One Gay Artist vs. India's 'Moral Police'
BY Christopher Harrity
January 03 2014 6:00 AM ET
This Is Not Dark Life
Acrylic on canvas
25” x 55”
Mike Giangrasso continues:
Balbir’s 2010 solo show, "The Bonding of Spirituality," was his debut as a professional artist, but his second solo show was his artistic and personal coming out story. The homoerotically charged imagery in 2011’s "Out Here and Now" drew attention in a society opposed to the open expression of sexuality of any kind. A masked intruder stole into the gallery while Balbir was being interviewed, attacked him, and destroyed a painting before fleeing. The act was captured on video. The LGBT community, which he hardly knew at the time, rallied around him when news of the attack broke in the media, and offered him and his artwork protection, and friendship.
Balbir’s most recent exhibition, "My Bed of Roses," premiered in the southern Indian city of Hyderabad several weeks ago, at a queer-friendly gallery housed in a major hotel. A triumphant opening was followed by the show’s cancellation the next morning by the gallery curator, who stated that threats were made against him by regressive social and political forces, which to date have neither named themselves, nor been named. The date was December 1, Balbir’s 40th birthday.
Two days later, the United Nations-promoted International Day of People With Disability followed. Observed worldwide on December 3, local Hindi newspapers often wrote about, and sometimes featured within their pages the village celebrity artist they’d known since childhood, but whose artwork they’d never seen. But word travels, eventually, even to small corners. One widely read gossip paper put him back on its front page this year, but this time took aim at his brazen homosexuality and engagement to marry an American man.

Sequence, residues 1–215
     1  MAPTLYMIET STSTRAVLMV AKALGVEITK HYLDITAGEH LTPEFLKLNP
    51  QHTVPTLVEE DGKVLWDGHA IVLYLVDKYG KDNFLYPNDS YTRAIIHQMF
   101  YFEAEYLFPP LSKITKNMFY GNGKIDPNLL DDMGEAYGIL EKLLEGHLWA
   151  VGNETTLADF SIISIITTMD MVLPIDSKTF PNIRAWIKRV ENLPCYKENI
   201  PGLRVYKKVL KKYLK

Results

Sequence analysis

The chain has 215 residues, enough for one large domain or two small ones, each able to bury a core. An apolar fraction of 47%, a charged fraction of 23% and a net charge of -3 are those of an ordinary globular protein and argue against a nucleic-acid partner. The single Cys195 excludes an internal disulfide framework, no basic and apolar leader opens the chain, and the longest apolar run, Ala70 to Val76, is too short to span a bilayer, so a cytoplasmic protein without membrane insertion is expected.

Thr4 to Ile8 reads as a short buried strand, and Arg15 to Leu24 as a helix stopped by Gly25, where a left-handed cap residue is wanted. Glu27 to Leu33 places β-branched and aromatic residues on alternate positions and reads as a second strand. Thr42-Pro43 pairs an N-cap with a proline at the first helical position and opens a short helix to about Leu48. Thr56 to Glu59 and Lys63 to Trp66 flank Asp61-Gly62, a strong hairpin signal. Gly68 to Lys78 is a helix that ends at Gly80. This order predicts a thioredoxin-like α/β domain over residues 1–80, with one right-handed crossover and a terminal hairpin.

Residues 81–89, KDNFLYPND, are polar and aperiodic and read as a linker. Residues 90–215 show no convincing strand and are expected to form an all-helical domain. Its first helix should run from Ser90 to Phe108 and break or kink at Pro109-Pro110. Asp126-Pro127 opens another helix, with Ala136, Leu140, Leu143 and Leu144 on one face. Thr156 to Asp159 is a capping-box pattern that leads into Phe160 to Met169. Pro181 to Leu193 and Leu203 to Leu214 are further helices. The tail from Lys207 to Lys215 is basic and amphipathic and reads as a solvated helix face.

Balbir’s life in the villages of India, with weekends home with me in Delhi, thus came to an end that day. His family disowned him. Violence was swiftly threatened by the families of his students and by the village council of elders, the enforcer of medieval codes of “honor” in rural northern India. On his way home from what would be his last, menacing day at school, a confidential informant let Balbir know that the council was moving against him. He may have saved his life. Balbir fled. We lost communication for an agonizing evening. When I got his call, he had found haven with the family of a former student several towns away. The student’s father took him to the police, where he was laughed at and dismissed. Always the fighter, he wanted to return to his foes and defy them. I told him that it was time to give up, to get himself back to Delhi, to me, alive, and to stay.
Eight days later the Supreme Court of India recriminalized homosexuality when it restored “Section 377,” the colonial-era law that the Delhi High Court had struck down as unconstitutional in 2009. The December 11 judgment was a severe blow to the country’s LGBT communities, and to us personally. The old regime of terror, new again, has brought out new enemies in civil and religious society that hadn’t been heard from before. The mood of the country seems changed. We’re not ready for the possibility of having to leave, but reality weighs on us. Should living in India as gay men and Balbir working as a free artist become too dangerous, we’ll go. For now we’ve receded to the relative safety of our home, behind closed doors. Balbir is currently planning a new series of paintings.